Don't worry about the fat content or sugar content or how much phytochemicals are in the foods you eat. By being picky you will eat less, and eating less is far more important to your health then the percentage of a nutrient in your foods.

Plus, by eating better tasting foods, you will almost always be eating healthier foods.

By increasing your expectations of your food, and aiming for quality and flavor, overeating will never be an issue.

Most importantly, don't be afraid to eat less and eat less often, especially if the trade off is truly enjoying the foods you eat.


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Wednesday, June 04, 2008

The Set Point Theory and your Weight

In the last couple days I have read a number of articles from the Health section of the New York Times that were written by author Gina Kolata of "Rethinking Thin" fame.

The first article dealt with the possibility of the human body having a weight set-point that is tightly regulated.

According to the article 'For the Overweight, Bad Advice by the Spoonful',

"Scientists now believe that each individual has a genetically determined weight range spanning perhaps 30 pounds".

Immediately after I read this I thought of all the examples of people who have gained (or lost) more than 30 pounds.

At the age of 24 I weighted 216 pounds. At the bodybuilding contest I did when I was 28 I weighed 168 pounds, and I currently weigh between 175-180 pounds. That is a range of 48 pounds.

And while it took an extreme amount of eating to get to 216 (I did this on purpose), I also spent most of my late twenties between the weight of 185 and 195 pounds. For the last two years I have weighed between 175-180 pounds, but use fasting to maintain this weight.

So what is my set point?

John Barban, the editor of Eat Stop Eat has another similar story. When I first met John he weighed over 240 pounds. This was the weight he was at for duration of his graduate work.

When he returned from the first year of his PhD, he weighed 187 pounds.

For the three to four years after that he weighed between 220 and 230 pounds. Since he started following Eat Stop Eat almost two years he has weighed around 205 pounds. So this is a range of over 50 pounds.

What is his set point?

The truth is, I beleive there is some validity to the set point theory, but I think it is very ignorant to suggest that this is purely biological (NOTE: this was not Gina Kolata's suggestion, but one that is prevalent).

Biologically, I can see how your lean mass could be relatively fixed. Your height is the best determinant of your lean mass. A 6 foot 8 human being is almost always going to have more lean mass that a person who is 5 foot 3, regardless of any weight training or even drug use.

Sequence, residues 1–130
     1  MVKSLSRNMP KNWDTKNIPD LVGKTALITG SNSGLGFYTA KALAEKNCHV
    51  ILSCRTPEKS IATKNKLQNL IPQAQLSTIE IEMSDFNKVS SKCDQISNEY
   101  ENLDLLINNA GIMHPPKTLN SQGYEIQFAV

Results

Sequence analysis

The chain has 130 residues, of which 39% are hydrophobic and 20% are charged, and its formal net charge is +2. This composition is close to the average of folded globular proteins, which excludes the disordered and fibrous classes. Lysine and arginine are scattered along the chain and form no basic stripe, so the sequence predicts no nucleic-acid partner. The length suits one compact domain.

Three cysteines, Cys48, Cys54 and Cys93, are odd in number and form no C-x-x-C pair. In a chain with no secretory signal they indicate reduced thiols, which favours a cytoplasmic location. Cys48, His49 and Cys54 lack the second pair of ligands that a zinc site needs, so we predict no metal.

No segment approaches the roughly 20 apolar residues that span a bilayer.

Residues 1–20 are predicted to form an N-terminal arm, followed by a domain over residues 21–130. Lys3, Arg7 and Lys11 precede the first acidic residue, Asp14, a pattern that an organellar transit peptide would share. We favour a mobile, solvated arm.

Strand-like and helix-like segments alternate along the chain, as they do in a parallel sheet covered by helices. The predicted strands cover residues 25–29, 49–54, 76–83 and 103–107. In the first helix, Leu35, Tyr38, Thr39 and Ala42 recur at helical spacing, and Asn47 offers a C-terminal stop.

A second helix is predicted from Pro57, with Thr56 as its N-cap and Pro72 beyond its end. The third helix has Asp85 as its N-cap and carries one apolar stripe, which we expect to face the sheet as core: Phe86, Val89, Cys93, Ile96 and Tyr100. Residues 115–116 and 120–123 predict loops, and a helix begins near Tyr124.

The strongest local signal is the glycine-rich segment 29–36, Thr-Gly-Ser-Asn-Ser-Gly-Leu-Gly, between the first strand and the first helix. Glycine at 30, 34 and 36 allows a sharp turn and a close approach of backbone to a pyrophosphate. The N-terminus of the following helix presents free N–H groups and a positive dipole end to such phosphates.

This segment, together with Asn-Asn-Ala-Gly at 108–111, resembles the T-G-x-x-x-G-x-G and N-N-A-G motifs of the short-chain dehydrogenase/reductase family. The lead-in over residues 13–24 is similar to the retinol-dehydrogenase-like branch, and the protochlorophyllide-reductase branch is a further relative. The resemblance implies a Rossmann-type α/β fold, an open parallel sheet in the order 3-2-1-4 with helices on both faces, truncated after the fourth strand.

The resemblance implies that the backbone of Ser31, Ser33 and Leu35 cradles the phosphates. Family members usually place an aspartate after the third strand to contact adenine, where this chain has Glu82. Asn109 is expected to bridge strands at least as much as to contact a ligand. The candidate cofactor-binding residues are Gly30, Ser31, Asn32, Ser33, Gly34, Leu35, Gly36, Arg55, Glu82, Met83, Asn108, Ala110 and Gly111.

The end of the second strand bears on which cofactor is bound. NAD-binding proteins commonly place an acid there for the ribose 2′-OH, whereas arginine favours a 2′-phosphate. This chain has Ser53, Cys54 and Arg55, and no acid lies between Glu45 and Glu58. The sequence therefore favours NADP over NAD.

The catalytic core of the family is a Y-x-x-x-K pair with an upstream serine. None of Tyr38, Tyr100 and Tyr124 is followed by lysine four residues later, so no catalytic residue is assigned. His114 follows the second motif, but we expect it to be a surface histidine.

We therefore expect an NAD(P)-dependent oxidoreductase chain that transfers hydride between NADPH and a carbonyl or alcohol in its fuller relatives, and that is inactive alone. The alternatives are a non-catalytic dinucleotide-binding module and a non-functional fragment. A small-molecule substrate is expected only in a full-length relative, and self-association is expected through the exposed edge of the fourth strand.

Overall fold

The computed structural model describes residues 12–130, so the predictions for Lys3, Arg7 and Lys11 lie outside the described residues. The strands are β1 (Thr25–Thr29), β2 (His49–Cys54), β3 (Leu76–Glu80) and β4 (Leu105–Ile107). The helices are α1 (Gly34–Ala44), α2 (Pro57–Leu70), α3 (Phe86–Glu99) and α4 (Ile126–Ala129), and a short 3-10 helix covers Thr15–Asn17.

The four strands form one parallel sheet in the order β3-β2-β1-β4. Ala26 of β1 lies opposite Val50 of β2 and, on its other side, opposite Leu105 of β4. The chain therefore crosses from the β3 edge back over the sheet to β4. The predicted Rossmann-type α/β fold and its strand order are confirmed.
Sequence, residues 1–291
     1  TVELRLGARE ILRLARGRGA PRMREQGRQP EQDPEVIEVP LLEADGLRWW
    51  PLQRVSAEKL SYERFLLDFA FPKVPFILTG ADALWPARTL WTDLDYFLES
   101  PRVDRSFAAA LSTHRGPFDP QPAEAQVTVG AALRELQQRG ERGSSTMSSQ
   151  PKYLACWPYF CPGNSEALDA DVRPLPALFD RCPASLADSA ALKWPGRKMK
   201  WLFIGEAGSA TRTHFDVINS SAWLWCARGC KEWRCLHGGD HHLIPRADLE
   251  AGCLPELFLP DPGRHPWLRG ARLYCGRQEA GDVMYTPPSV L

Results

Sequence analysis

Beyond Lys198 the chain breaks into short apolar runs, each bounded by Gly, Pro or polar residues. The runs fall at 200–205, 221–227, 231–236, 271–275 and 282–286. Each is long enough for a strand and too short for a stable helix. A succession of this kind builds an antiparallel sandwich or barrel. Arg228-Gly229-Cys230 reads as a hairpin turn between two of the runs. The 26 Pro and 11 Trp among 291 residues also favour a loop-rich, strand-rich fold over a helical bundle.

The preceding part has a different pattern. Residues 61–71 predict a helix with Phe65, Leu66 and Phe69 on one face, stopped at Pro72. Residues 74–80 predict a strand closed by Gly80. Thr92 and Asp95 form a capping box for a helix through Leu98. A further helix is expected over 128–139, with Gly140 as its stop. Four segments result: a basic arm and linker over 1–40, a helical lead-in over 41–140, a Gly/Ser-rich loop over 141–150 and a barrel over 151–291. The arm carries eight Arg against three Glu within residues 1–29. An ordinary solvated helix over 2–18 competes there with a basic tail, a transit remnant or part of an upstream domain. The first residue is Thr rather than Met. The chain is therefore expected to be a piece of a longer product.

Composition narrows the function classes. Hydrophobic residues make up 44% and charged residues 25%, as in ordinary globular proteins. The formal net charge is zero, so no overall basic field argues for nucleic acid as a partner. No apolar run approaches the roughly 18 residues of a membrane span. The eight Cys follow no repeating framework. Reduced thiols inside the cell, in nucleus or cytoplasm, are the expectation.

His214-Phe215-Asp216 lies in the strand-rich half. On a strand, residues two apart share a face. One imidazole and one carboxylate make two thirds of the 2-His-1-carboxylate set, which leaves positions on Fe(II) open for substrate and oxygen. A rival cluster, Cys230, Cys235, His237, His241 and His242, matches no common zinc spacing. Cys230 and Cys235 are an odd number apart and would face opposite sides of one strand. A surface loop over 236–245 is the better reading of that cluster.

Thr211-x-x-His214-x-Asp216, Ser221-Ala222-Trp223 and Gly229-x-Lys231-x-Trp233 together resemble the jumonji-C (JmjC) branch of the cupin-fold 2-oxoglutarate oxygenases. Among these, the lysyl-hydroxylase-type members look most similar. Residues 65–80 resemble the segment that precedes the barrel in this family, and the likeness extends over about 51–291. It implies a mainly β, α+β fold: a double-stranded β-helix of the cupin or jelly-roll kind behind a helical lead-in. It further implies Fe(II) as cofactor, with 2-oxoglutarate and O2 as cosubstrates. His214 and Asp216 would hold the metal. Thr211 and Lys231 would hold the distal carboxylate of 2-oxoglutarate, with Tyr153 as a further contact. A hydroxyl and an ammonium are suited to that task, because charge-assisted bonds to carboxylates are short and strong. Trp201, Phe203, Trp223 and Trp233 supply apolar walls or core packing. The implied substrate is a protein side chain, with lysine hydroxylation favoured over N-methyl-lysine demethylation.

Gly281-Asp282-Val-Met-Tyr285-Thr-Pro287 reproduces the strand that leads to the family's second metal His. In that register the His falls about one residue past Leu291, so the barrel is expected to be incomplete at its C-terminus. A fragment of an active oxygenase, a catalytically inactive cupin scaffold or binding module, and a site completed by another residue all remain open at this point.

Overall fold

As another example, an adult man who is 175 pounds at 10% body fat would be very unlikely to ever reach 215 pounds at 10% body fat. However, if that same adult man is who is 175 pounds at 10% could change his lifestyle dramatically enough he could become 215 pounds at 27% body fat.

So just by increasing fat mass, you could easily move outside of a 30 pounds set point.

Now here is where it gets interesting. In another article by Gina, she reported that scientists have shown that:

Every year, whether you are fat or thin, whether you lose weight or gain, 10 percent of your fat cells die. And every year, those cells that die are replaced with new fat cells. The result is that the total number of fat cells in the body remains the same, year after year throughout adulthood. Losing or gaining weight affects only the amount of fat stored in the cells, not the number of cells.

So based on this information I believe that drastic changes in lifestyle can cause drastic changes in weight and body composition. I can see how a set point of 30 pounds would and could apply to lean body mass, and I can also see how changing fat mass can completely blow this 30 pound limit out of the water!

The problem is that for most people, drastic changes in lifestyle are not possible and/or desired.

Your family, where you work, the foods you like, the friends you have, the activities you do, even the shows you watch on TV, all can effect how you eat, what you eat, when you eat and how active you are.

The bottom line is that even though at some point in our lives the amount of fat cells we have may become fixed, and our ability to drastically alter the way our body looks is limited by factors including genetics, height and lifestyle, we can all still get leaner and we can all still add muscle.


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Monday, June 02, 2008

How to Eat and Why Eat

After finally finishing Michale Pollen's latest book "In defense of food" and reading a fantastic article by Trisha Gura in this months Scientific American Mind, I think it is time to revisit my one golden rule of eating.

"Eat less but enjoy the foods you eat. Eat lots of fruits and vegetables, and lots of herbs and spices. And maybe most importantly, spend less time stressing over the types of food you are eating."

I know my grammar could use some work, but this credo still remains as true to me today as it did when I first wrote it over three years ago. In fact, looking at it now, I think the first part is even more important than I ever realized...